As the Republican National Convention in Cleveland unfolded, a liberal former investment manager and a former Republican campaign director stood together to call for campaign-finance reforms.Amanda TeuscherJul 20, 2016
Cleveland’s historically aggressive police force, under a consent decree from the Justice Department, is on alert—but so far, protests by residents and local activists have remained peaceful and calm.Amanda TeuscherJul 18, 2016
By Amanda Teuscher | Jan 15, 2016
The Obama administration faces mounting pressure from increasingly diverse quarters to halt the practice of controversial raids to deport undocumented immigrants.
The latest group to join the chorus of those demanding an end to the recent raids is a coalition of three-dozen lesbian, gay, bisexual, and transgender groups, which sent a letter Thursday to Homeland Security Secretary Jeh Johnson. Johnson has said that “enforcement operations such as these will continue to occur as appropriate.” Two days of raids were carried out the first weekend of January and resulted so far in the detention of more than 120 people, most of them from Central America.
The negative impacts of the raids “are even more harrowing for LGBTQ immigrants that already report higher levels of violence and discrimination based on their sexual orientation and gender identity,” stated the letter, which was signed by the Human Rights Campaign, Lambda Legal, and Pride at Work, among others.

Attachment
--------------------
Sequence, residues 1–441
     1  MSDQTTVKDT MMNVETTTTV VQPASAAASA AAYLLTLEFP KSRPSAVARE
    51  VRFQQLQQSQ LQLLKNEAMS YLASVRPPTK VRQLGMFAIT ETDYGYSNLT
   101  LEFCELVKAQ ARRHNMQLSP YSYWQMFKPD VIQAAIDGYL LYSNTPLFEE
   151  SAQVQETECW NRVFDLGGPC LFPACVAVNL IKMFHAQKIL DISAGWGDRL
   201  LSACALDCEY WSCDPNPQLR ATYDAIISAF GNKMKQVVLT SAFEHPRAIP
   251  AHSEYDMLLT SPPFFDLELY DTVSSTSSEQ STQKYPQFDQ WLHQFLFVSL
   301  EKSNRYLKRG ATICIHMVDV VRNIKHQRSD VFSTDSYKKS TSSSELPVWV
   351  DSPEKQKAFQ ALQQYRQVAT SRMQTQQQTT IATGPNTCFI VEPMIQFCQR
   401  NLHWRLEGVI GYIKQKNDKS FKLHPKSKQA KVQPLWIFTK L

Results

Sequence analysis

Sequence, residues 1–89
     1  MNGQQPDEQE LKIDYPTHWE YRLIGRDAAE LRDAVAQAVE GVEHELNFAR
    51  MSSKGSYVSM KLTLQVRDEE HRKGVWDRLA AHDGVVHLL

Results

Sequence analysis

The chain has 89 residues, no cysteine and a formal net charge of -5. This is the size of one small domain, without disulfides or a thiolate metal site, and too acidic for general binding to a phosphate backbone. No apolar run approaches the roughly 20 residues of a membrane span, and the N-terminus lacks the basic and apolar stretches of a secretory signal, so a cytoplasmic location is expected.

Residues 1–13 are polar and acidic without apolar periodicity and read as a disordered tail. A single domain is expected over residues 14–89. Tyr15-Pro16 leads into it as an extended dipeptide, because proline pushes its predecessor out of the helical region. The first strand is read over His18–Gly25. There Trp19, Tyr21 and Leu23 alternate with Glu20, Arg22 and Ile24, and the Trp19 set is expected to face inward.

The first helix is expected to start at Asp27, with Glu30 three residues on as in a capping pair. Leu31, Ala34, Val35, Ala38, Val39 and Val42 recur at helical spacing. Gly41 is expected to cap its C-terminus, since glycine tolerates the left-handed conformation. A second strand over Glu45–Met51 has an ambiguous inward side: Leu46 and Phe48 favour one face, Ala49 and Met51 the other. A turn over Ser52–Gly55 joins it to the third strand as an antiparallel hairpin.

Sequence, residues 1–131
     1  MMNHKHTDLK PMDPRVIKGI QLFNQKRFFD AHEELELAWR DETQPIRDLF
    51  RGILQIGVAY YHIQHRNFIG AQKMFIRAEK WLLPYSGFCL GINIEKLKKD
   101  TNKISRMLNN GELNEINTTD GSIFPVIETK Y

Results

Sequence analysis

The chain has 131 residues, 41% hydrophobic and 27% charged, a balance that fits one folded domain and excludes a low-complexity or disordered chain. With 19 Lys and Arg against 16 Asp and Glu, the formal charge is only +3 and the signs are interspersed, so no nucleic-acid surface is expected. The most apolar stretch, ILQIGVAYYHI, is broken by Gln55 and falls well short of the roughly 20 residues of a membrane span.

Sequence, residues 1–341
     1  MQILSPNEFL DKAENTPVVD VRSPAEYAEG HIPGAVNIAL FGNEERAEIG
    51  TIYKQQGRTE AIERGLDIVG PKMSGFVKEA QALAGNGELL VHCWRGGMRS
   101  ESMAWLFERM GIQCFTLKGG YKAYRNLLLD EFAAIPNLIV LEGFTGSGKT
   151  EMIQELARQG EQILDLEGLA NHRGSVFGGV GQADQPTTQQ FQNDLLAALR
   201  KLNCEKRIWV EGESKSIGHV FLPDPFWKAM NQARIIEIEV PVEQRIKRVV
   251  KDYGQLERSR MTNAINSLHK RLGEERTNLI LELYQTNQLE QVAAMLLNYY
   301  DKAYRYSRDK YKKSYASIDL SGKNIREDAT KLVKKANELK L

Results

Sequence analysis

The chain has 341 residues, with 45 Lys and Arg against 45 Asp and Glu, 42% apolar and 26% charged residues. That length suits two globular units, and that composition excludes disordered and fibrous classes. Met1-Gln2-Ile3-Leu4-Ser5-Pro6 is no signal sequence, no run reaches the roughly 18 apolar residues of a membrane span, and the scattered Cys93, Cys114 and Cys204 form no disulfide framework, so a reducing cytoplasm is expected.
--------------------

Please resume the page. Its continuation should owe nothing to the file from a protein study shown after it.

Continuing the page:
Earlier this week, nearly 150 House Democrats also sent a letter to the Obama administration, urging the president to stop the deportations and to “start working towards a solution that provides a practical and humane response to the mothers and children from Central America fleeing for their lives.”
The administration has defended the raids and deportations as necessary to deter an uptick in illegal border crossings in the months prior to the raids. Administration officials say the focus of the operations has been on immigrants who had “exhausted appropriate legal remedies” and have already been ordered to leave the country.
The dispute between Obama and members of his own party over immigration raids has also spilled over onto the presidential campaign trail. Senator Bernie Sanders and Martin O’Malley both condemned the raids last week, and Hillary Rodham Clinton chimed in on Monday, saying “the raids have sown fear and division in immigrant communities across the country.”
But the administration can at least count on support for its actions from the Republican candidates: After the plans for the Immigration and Customs Enforcement raids were leaked to the press late in December, Donald Trump tweeted, “Wow, because of the pressure put on by me, ICE TO LAUNCH LARGE SCALE DEPORTATION RAIDS. It’s about time!”
By Amanda Teuscher | Nov 11, 2015
University of Missouri President Tim Wolfe’s resignation Monday underscores how even in 2015, majority-white institutions remain potentially unsafe places for black students.
The events leading up to Wolfe’s resignation—the racist verbal assaults on campus, the swastika written in feces in a residential hall, and ultimately the administration’s inadequate response to students’ concerns—are all too familiar to longtime advocates of historically black colleges and universities (HBCUs).